Documentaries about the careers of actors Laurence Olivier, W.C. Fields and Spencer Tracy shared the limelight in the first round of the 38th annual Emmy Awards for outstanding nighttime TV programs.
“W.C. Fields Straight Up” was named best informational special Saturday night and “Laurence Olivier--A Life” shared the honors as best informational series with “Planet Earth.” All three programs aired on the Public Broadcasting Service.
“The Spencer Tracy Legacy: A Tribute by Katharine Hepburn,” another PBS offering, lost to the W.C. Fields biography as best informational special but collected Emmys for the script by John L. Miller and the directing by David Heeley.
While PBS picked up the top awards during non-televised ceremonies at the Pasadena Civic Auditorium, it was NBC that walked off with the most in the first phase of Emmys covering the 1985-86 season--15, including three each for “St. Elsewhere,” “Amazing Stories” and “An Early Frost.”
Most of the 44 Emmys handed out Saturday by the Academy of Television Arts & Sciences were for the technical aspects of TV production. Another 32, covering performing, writing, directing and best shows, will be announced Sept. 21 in ceremonies here that will be broadcast nationally by NBC.
Besides the 15 Emmys for NBC, which also finished first in the prime-time ratings last season, CBS had 12, PBS collected 10, ABC picked up 5 and a syndicated program, “Solid Gold,” got one (for lighting direction).
CBS shared one of its dozen Emmys with Sony and Cinedco for engineering, and a separate engineering Emmy went to Stefan Kudelski for the development of a new system to record and play back stereophonic sound.
The only other best program award made in the first round went to CBS’ “Garfield’s Halloween Adventure” as best animated program. Its only competition in the category had been “Garfield in Paradise,” made by the same people.
“I’d like to share this award with the loser,” quipped Jim Davis, creator of the Garfield comic strip and writer of the two cartoon shows.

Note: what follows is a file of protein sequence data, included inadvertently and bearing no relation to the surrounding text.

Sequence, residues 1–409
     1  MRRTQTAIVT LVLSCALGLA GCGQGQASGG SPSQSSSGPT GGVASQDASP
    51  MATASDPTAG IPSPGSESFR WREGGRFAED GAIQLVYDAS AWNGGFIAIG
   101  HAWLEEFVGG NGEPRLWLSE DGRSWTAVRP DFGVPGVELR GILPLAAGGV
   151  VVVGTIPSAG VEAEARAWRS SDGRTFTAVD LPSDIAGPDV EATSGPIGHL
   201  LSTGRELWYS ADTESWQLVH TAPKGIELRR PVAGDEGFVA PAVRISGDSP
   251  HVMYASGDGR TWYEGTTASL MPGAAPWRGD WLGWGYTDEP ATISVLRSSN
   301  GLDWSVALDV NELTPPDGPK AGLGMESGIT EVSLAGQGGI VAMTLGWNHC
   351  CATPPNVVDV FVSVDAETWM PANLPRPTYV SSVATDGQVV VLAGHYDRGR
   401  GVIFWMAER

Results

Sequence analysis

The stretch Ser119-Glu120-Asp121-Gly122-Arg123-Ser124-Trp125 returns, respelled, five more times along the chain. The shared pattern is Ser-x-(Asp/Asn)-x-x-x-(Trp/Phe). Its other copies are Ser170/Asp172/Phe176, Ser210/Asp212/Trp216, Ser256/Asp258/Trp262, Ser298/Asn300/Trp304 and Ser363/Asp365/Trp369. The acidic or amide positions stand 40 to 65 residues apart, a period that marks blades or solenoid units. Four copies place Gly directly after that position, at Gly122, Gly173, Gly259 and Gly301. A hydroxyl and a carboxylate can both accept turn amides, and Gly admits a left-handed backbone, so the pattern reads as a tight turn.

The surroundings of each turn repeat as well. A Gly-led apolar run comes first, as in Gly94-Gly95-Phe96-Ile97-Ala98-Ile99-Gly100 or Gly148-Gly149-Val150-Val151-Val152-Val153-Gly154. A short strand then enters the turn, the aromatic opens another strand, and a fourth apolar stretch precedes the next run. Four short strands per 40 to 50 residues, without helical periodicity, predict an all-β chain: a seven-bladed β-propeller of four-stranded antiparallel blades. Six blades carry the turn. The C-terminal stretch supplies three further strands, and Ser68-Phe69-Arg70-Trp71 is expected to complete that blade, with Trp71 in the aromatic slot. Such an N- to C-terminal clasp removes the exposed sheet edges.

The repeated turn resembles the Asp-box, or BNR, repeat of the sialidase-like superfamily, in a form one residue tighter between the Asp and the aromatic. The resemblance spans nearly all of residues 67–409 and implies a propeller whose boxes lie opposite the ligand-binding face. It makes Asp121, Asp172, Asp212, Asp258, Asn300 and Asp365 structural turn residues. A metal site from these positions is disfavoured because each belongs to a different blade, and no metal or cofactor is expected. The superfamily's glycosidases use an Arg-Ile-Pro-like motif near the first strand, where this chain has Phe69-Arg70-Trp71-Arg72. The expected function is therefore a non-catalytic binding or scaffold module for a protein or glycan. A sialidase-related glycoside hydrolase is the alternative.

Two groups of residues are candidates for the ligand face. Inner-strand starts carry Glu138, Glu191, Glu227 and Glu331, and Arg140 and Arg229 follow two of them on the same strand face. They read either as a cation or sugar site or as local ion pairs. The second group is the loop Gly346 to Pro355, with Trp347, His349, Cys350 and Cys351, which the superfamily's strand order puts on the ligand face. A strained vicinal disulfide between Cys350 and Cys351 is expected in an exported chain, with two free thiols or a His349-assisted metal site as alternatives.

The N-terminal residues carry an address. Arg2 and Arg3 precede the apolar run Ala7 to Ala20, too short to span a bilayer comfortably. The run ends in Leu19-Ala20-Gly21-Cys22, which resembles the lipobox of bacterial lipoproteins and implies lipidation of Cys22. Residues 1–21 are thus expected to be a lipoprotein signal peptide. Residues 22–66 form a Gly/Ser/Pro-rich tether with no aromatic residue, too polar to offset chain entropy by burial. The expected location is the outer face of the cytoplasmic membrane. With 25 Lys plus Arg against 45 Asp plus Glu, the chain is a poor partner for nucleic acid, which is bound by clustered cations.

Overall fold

“An Early Frost,” a TV movie about a family’s reaction to the news that a homosexual son had contracted AIDS was honored for best cinematography, editing and sound mixing.
In one of the few serious moments of the awards proceedings, editor Jerrold L. Ludwig made it the point of his acceptance speech to remind the audience what “An Early Frost” was about, and to urge them to contribute to efforts to find a cure to the fatal disease.
“If you think AIDS can’t touch you, it can,” he said. “I think all of us should try to destroy this disease before it destroys all of us.”
NBC’s medical drama “St. Elsewhere” collected Emmys for art direction, costuming and sound mixing, while its anthology series “Amazing Stories” was cited for cinematography, hair-styling and sound editing.
“Moonlighting,” which led all nominees this year with 16, garnered only one Emmy in the first round, for editor Neil Mandelberg.
Making the farthest trip to pick up an Emmy was Ella Maklakova, a Soviet costume designer who worked on the NBC miniseries “Peter the Great,” which was filmed in her country.
“I’m so excited,” she said from the podium, through an interpreter. She reported that she had been traveling for nearly 48 hours to get to the awards show and concluded, “I’m extremely happy; I thank you all.”
The first batch of Emmy winners is not necessarily an indicator of who is likely to win at the Sept. 21 ceremony, because the TV Academy uses a peer-group judging process (actors vote on actors, writers on writers) that prevents block voting.
Here are the winner’s from Saturday’s ceremonies.
Informational Series: “Laurence Olivier--A Life,” PBS; “Planet Earth,” PBS.
Informational Special: “W.C. Fields Straight Up,” PBS.
Animated Program: “Garfield’s Halloween Adventure,” CBS.
Classical Program in the Performing Arts: “Wolf Trap Presents the Kirov: Swan Lake,” PBS.
Writing, Informational Programming: John L. Miller, “The Spencer Tracy Legacy: A Tribute by Katharine Hepburn,” PBS.